April 5, 2019 Blog, Fund Program, Leadership

At Ashe Elementary, dreams become reality

Ashe Elementary School has an unusual motto: “Don’t quit your daydream.”

Clyde King, the school’s principal, said he adopted the motto with the hope that it would inspire his students.

“In all my years, I’ve never caught a kid daydreaming,” King said. “I want kids to dream for their futures. Kids need to plan — and those plans start with their dreams.”

King knows from experience the importance of having a dream; the motto speaks to his own aspirational leadership style.

When King was hired as principal three years ago, Ashe was in a difficult place. The district had placed the Chatham elementary school on “intensive support,” which meant that students’ academic performance was well below the district average.

King knew what it took to transform a school; as an assistant principal at Lavizzo Elementary School, King helped move the school’s SQRP rating — a measure of school performance — from a Level 2+ to a Level 1+, the district’s highest rating. But now that he was in charge of his own school, he struggled to prioritize his time on the things that mattered most: teaching and learning.

“I’m not the best with time,” King admitted. “I knew I needed more time to get into classrooms — outside of teacher evaluations — to help my teachers grow their instructional practice. I wanted to take the pressure off of our time together so I could better push teachers to help students.”

Between 2016 — when King started — and 2018, Ashe moved off probation and climbed from a Level 2 to a Level 2+ school. Students’ math and reading scores on the NWEA, a national standardized test, inched up steadily. Student attendance rose too, growing from 90 percent in 2015 to 96 percent in 2017. Chronic truancy fell from 75 percent to 40 percent during the same period.

Ashe students smile for the camera.

But incremental growth wasn’t enough for King.

“I felt we had to kick it up a notch,” said King. “I ask my teachers to attend professional development. I realized I needed to participate in professional development as well so I can help them help students.”

And then he did a brave thing: He sought out help.

When King received an invitation to join a pilot program targeted at a group of South Side elementary schools, he jumped at the opportunity.  King wanted to increase student attainment, and he recognized that improvement starts with the leader.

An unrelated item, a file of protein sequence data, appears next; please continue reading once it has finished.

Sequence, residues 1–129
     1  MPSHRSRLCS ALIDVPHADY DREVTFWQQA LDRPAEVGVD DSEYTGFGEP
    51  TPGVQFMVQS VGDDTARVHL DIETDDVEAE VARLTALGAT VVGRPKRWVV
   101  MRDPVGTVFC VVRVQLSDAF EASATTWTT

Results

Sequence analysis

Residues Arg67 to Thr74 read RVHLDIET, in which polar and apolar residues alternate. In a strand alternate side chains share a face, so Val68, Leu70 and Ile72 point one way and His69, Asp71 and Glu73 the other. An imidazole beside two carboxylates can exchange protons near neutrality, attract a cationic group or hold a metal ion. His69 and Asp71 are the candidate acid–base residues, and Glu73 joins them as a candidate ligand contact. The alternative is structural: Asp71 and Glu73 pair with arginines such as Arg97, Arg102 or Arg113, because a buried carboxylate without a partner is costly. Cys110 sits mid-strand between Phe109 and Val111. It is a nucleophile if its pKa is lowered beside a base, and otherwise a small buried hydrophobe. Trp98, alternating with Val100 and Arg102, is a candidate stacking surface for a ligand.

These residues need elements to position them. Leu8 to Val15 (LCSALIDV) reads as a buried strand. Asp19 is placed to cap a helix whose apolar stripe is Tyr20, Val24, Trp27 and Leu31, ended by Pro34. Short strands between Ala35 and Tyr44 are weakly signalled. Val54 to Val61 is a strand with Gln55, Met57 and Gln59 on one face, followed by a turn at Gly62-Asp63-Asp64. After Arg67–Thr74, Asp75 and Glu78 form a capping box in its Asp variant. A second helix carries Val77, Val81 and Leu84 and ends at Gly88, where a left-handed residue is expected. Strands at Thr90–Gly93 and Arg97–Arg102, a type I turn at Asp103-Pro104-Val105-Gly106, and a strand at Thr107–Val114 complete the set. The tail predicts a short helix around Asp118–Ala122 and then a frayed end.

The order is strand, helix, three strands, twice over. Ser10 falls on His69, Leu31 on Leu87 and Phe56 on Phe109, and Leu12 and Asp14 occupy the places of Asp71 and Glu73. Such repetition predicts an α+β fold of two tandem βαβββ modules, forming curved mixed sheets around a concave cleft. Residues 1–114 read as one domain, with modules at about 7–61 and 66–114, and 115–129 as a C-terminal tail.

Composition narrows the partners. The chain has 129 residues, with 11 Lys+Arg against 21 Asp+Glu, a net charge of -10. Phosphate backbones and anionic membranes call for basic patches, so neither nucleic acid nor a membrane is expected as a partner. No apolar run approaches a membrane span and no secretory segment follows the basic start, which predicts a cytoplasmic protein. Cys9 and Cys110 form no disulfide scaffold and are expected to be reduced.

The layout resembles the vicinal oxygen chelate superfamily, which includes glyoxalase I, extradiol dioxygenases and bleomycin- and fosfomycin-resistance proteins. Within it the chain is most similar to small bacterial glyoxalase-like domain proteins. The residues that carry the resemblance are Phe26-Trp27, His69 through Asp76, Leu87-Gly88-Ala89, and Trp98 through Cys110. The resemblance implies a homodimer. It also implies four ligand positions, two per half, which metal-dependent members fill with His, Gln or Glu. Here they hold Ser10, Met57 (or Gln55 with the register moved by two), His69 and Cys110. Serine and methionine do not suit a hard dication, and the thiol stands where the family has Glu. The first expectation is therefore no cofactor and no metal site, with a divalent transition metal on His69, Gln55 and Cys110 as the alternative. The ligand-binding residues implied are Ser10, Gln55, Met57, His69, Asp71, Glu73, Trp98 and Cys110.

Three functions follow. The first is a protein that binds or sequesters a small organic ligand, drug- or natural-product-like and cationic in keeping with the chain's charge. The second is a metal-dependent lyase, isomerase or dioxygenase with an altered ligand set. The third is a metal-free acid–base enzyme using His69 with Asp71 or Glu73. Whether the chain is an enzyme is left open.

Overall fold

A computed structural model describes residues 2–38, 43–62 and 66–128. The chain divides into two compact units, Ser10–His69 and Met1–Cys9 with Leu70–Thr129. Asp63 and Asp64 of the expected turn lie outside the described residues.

Over the last school year, 12 organizations — including The Fund — have been providing multiple, layered supports to Ashe through the South Side Education Alliance (SSEA). With guidance from SSEA partners, Principal King has worked to improve student-teacher trust, elevate teacher voice in schoolwide decisions, raise the rigor of classroom instruction and tailor professional development to teachers’ needs.

Now, King spends less time on the minutiae of managing a building and more on developing his teachers’ instructional leadership.

“I’ve seen growth from my staff and students,” said King, smiling from behind a pair of black, thick-rimmed glasses. “This has been a positive year. The partnerships have helped that growth.”

But, as King knows well, there’s always room for improvement.

Principal Clyde King shares his story.

“We have to make sure this isn’t a one-time thing,” said King of the SSEA support. “We have to continue to see the fruits of our labor. We’ve shifted a lot of mindsets. I would hate to see the support taper off.”

Where King really needs help now is meeting students’ social and emotional needs. King explained that his students experience a lot of trauma in their daily lives. One student recently saw a video on Facebook of her cousin being shot. Another student was hospitalized for Post-Traumatic Stress Disorder.

“We have a lot of social-emotional learning needs that are going unaddressed in this community,” King said.

As the SSEA program moves into its second year, the partners are re-evaluating how they can better serve school communities — like the one at Ashe — that have been affected by chronic gun violence.

King is already working with SSEA partners to find more ways to make Ashe a truly safe space for students. But ultimately, King explained, “improving student achievement is always the end goal.”

As King sees it, if students leave Ashe with the skills, knowledge and attitude they need to be happy and healthy, they can turn their daydreams into reality.